Skip to main content

Article Category


Article available in the folowing languages:

Decrypting the many purposes of language

Sometimes language can tell us more about the intentions and mood of the person speaking than the type of society we live in. The Language Use project builds upon this observation to provide a new metasemantic proposal.


In its quest to study the foundations of meaning, metasemantics (a branch of the philosophy of linguistics and metaphysics) essentially defines language as a means of cooperation. But is that really all there is to it? Surely, language largely contributed to the ascent of humankind and played a fundamental role in the organisation of our incredibly complex societies. But as her interest was piqued by work from her predecessors, Jessica Keiser from the University of Leeds couldn’t help but notice how the many other functions of language have been ignored for too long. With the Language Use (Languages and Language Use) project, the Marie Skłodowska-Curie Actions fellow aims to depart from existing approaches to metasemantics by studying the relationship between language and the actions and mental state of its users. A few months from project completion, Keiser agreed to discuss her work and findings.

Your project questions the idea that language is based on a convention of cooperative information exchange. Why? What problems did this pose?

Jessica Keiser: This idea is problematic as it ignores many uses of language that are ubiquitous. For instance, language use is not always cooperative. We often resort to it strategically for conflicting purposes, be it in political debates or even with our children and intimate partners. Even when language is indeed cooperative, it’s not necessarily used for information exchange. We can use it to tell stories, make jokes, socially bond, perform rituals, etc.

How did you come to identify these problems?

It was in graduate school when I was first exposed to standard literature on linguistic conventions. The orthodox story is that we use language to exchange information in a joint project to learn about the world. The idea is that everyone is going around asserting truths and expecting others to do the same. This immediately struck me as contrary to my experience of the world. I would not characterise the bulk of my linguistic exchanges as aimed at exchanging information, and I certainly do not take it for granted that its default function is to assert only truths and expect the same from others. This made me want to understand what led traditional theorists and philosophers to think about language in this way, and where exactly they went wrong.

How did you proceed to study the link between language and actions/mental state and what makes your approach particularly innovative?

I looked at what was common to all uses of language. My approach is different in that it does not feed from a particular conception of the function of language. Where traditional theorists went wrong, I think, was when they began their inquiry from the assumption that language is used for cooperative information exchange and then built their theory around that assumption. In reality, this is a rather dry and scientistic conception of language that ignores facts about language in the real world. I rather try to look at language use as it is, and then develop a conception of its function.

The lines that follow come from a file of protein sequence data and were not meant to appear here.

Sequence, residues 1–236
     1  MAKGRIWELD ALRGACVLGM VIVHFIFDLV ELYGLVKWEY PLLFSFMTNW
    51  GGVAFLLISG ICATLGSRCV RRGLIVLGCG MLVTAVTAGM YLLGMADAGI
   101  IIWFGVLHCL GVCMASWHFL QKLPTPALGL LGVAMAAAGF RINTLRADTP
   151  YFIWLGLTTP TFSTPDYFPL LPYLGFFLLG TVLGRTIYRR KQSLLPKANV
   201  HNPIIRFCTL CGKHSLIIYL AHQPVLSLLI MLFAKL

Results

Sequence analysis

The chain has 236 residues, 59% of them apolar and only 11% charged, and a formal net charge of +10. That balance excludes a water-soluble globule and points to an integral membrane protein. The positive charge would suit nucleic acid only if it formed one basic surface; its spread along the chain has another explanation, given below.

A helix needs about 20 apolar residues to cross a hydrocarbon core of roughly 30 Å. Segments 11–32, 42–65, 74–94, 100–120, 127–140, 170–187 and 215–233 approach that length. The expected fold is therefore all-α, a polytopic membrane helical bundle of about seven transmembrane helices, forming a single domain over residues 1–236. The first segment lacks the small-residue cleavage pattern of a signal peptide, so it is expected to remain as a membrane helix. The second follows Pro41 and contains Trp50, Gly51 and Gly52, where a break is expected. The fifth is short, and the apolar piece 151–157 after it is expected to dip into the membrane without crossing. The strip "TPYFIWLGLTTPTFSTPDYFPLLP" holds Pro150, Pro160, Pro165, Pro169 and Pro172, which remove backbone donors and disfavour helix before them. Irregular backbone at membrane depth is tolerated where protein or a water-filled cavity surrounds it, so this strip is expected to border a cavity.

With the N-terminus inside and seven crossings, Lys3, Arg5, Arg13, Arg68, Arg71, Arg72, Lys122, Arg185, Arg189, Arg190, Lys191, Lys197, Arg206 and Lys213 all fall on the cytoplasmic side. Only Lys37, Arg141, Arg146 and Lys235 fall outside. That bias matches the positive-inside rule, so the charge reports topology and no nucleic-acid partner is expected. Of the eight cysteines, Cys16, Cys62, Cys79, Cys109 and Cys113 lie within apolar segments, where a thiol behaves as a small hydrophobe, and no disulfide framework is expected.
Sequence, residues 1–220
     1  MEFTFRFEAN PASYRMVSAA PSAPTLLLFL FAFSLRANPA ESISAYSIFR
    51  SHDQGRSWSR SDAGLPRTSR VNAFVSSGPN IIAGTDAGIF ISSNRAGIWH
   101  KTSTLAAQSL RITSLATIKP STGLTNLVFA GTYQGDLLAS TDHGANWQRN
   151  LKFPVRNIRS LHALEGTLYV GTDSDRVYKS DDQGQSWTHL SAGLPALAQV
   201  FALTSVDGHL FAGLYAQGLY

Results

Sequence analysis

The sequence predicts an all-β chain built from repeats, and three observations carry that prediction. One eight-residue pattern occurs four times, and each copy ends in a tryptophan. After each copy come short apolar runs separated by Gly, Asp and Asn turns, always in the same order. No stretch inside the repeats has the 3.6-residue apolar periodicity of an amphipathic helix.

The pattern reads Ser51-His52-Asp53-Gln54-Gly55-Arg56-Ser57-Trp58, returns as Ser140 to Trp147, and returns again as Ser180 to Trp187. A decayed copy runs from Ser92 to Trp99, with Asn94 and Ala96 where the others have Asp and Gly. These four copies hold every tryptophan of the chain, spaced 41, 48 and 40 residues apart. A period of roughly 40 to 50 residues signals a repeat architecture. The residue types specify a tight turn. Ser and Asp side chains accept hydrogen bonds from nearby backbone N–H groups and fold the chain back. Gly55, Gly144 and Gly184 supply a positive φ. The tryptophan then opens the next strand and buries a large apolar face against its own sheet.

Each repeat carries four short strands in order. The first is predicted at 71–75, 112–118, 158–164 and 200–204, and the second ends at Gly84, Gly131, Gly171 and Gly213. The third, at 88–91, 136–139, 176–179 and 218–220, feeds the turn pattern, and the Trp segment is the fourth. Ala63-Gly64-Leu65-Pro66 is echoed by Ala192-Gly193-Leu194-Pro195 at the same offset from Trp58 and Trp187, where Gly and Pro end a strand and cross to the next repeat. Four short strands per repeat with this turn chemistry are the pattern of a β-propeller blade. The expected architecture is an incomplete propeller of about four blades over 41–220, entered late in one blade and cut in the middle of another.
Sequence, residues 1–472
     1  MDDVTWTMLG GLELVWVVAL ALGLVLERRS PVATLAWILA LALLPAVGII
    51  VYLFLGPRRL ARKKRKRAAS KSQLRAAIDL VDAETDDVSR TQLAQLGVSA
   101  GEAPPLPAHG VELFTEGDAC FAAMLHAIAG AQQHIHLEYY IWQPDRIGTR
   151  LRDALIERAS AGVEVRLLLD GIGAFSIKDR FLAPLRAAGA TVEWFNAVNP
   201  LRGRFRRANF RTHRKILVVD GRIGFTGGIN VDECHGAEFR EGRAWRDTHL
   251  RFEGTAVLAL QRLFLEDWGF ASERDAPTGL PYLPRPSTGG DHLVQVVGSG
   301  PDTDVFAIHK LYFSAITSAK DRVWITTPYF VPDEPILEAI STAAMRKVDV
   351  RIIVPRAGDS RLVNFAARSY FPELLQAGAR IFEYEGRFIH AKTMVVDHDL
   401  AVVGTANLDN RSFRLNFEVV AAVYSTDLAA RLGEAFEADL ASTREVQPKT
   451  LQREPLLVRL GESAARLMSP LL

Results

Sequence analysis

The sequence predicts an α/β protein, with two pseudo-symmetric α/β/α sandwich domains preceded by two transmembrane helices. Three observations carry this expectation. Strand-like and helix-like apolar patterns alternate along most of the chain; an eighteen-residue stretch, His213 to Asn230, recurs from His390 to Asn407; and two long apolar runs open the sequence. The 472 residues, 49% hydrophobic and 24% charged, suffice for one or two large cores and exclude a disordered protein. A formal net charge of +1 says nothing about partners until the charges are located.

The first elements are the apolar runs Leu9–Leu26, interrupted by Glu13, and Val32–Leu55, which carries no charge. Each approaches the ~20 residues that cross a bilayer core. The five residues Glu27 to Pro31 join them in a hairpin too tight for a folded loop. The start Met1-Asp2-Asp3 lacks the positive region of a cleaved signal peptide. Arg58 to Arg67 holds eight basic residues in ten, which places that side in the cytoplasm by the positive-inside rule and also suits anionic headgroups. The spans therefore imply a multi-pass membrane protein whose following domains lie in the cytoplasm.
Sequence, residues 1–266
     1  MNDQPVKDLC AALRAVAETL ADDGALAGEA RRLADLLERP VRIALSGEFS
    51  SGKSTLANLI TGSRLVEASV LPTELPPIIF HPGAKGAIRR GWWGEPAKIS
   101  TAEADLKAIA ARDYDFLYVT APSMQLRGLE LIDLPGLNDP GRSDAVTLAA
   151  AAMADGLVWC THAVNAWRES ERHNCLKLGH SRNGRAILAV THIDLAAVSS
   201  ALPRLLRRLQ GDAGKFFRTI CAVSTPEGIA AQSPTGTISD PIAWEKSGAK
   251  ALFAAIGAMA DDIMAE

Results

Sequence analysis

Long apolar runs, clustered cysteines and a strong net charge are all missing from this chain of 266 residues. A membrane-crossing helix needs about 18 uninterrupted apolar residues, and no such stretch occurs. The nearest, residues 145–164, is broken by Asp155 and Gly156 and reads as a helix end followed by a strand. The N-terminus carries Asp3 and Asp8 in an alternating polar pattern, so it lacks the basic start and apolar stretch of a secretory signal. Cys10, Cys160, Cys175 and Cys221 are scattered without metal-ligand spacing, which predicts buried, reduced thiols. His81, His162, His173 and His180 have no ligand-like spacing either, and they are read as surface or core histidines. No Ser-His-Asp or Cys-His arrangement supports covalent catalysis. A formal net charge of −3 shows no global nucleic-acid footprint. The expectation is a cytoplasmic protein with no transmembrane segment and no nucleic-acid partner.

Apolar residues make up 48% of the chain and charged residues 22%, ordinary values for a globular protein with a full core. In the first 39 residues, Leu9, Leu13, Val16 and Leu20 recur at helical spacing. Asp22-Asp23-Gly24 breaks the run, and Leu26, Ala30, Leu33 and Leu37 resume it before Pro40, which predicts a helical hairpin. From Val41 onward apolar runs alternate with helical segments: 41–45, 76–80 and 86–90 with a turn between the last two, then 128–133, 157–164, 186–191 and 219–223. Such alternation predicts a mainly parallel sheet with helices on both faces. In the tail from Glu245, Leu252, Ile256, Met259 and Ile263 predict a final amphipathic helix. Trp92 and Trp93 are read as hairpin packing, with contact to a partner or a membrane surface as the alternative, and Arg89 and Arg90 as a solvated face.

What are the project’s most important findings so far?

My hypothesis is that a common and core feature of language use is attention-direction. The principal goal of linguistic communication is to direct the attention of others to specific content. But we may do this with a myriad of different end results in mind. We may, as traditional theorists assumed, direct the audience’s attention for the purpose of exchanging information. However, we may also want to direct their attention to something with a view to amuse them, for instance, or even to deceive or manipulate them.

What do you still need to achieve before the project’s end?

I still need to do more research on the nature of attention. In particular, I’m interested in the question of whether attention is always conscious. I don’t think that, when we communicate linguistically, we always want to draw our audience’s attention to something in a conscious way. Sometimes we just want to make them aware of it on some sort of subconscious level. A concrete example is when politicians use xenophobic dog whistles and propaganda. If I end up finding that attention must necessarily be conscious, then I’ll need to appeal to a weaker attention-like mental state that’s not conscious, at least in some cases.

If you manage to provide a novel metasemantic proposal, what do you hope will be its long-term impact on our understanding of language?

I hope to provide a framework for thinking about the nature and function of language that extends beyond cooperative information exchange. If successful, I hope this will enable us to expand the scope of our inquiry and understanding to a broader and more diverse range of linguistic phenomena. Ultimately, I hope that this can serve ameliorative projects. For instance, the more we understand the mechanisms behind oppressive uses of language, the better we will be positioned to mitigate them.


Language Use, metasemantics, philosophy, communication